Some organizations struggle to improve their PM or project portfolio management capabilities without having a PMO. However, I’ve also encountered organizations that have established PMOs in multiple functional areas and at differing levels of authority – this situation is equally challenging.
Some of the risks of PMO proliferation are:
– Significant “hard” costs with limited perceived tangible benefits.
– A lack of process or tool consistency across PMOs results confuses PMs, resource managers, team members and other stakeholders and this in turn reduces the “bang for the buck” achieved from the overall organization project portfolio.
– “Jurisdictional” disputes between PMOs can impact credibility, cause communication issues and also reduce overall value received from a portfolio approach.
Large organizations may not be able to get away from having multiple PMOs, but a few ground rules can ensure that these risks are mitigated.
1. Ensure clear authority & mandate boundaries between the PMOs. For example, if there is an enterprise PMO and a departmental PMO, project portfolio management processes at the enterprise level should be controlled by the enterprise PMO where as project management practices within a department can be controlled by the departmental PMO.
2. Ensure consistent project metrics across all PMOs. The degree of discipline within each PMO’s methodology can vary, but the metrics that are reported for project status across different PMOs need to be consistent otherwise it is impossible to get an accurate understanding of overall portfolio health. Beyond the nature of the metrics, the frequency of gathering or calculating of the metrics also needs to be aligned so that executives know that project data is up-to-date across the board.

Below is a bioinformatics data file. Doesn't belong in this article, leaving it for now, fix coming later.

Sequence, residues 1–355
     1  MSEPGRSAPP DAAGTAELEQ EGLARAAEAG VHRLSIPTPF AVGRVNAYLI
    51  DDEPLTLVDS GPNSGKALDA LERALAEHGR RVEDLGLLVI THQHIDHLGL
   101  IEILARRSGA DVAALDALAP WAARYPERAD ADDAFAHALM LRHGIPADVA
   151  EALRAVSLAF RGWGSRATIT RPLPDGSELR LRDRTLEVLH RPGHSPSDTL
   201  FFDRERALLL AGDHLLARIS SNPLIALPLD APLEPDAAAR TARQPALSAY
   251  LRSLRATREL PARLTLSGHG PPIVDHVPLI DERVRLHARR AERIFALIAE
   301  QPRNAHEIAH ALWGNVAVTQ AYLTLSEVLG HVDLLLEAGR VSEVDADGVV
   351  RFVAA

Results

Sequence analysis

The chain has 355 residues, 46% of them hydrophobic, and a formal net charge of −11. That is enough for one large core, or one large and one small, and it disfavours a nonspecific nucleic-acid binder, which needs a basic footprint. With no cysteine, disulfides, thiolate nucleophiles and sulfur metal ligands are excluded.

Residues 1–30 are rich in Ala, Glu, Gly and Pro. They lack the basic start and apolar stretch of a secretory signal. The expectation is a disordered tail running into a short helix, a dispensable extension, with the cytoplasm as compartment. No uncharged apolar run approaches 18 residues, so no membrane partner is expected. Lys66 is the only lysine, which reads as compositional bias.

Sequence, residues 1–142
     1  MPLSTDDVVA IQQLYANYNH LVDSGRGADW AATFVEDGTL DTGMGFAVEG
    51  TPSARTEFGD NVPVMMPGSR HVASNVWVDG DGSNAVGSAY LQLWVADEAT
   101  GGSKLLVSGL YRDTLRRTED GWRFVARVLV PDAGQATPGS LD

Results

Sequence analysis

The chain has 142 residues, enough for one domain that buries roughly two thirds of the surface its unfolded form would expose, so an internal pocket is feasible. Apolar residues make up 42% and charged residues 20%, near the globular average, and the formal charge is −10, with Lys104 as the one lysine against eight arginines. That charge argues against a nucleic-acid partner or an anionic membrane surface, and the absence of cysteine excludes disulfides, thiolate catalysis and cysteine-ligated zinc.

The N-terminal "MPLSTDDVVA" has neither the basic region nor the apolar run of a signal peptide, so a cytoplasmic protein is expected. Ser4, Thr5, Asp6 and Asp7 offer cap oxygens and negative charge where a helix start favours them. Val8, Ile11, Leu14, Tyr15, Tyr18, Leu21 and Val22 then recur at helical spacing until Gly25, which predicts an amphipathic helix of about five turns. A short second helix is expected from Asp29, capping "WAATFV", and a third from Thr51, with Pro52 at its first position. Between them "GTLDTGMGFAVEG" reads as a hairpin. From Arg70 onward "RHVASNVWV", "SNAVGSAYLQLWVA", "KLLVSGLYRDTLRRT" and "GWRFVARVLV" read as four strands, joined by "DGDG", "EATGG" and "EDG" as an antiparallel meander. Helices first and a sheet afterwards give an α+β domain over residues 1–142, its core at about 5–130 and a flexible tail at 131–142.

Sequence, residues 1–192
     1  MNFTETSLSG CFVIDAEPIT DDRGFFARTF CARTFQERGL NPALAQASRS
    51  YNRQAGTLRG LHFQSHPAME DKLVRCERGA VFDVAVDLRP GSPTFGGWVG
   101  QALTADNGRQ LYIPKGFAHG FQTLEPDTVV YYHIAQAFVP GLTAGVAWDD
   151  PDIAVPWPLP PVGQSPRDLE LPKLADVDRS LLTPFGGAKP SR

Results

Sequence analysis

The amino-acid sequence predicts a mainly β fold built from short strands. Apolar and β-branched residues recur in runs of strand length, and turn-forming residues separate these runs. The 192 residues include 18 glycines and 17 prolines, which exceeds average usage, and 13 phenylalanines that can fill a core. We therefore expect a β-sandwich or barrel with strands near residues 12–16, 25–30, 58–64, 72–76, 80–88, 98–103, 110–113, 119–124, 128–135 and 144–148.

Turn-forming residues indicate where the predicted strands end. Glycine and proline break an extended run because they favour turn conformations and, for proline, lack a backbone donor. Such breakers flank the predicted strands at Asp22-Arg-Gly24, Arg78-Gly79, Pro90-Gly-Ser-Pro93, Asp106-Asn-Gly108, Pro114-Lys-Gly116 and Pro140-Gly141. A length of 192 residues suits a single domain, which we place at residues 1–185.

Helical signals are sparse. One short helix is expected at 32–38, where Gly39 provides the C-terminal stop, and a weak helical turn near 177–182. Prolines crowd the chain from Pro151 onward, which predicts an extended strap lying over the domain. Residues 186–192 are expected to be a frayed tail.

3. Ensure resource management data and practices are standardized across all PMOs. A critical foundation to project portfolio management is that organizations have to have a consistent, accurate, near real-time understanding of resource capacity and allocation. If one PMO is tracking resource data at the individual resource level while another does it at the skill level, it becomes very difficult to look at supply vs. demand at the organization level. Similar to the previous item, I recommend standardizing on a handful of resource metrics that are tracked in a consistent fashion across all PMOs. However, as resources can work on projects that span the oversight of multiple PMOs, it is important that resource request, allocation, evaluation and release practices are also standardized across these PMOs to avoid confusion and improve integration.
4. Use common tools across all PMOs. While the degree of project management discipline might change on a PMO-to-PMO basis, and some of the services provided by the PMO might vary (e.g. one PMO staffs the PMs for its projects while another only provides project oversight) the tools that are used to automate the PM processes should be the same. If not, significant cost and resource effort will be required for integration, establishing an organization-wide resource pool becomes very difficult, and it is much harder to negotiate for enterprise license or subscription agreements with tool vendors.
Your organization may be experiencing the phenomenon of PMOs spawning like Mogwai dropped into a swimming pool, but this should not imply that the efforts of these disparate PMOs cannot be aligned towards (what should be) a common goal – facilitating the creation of business value.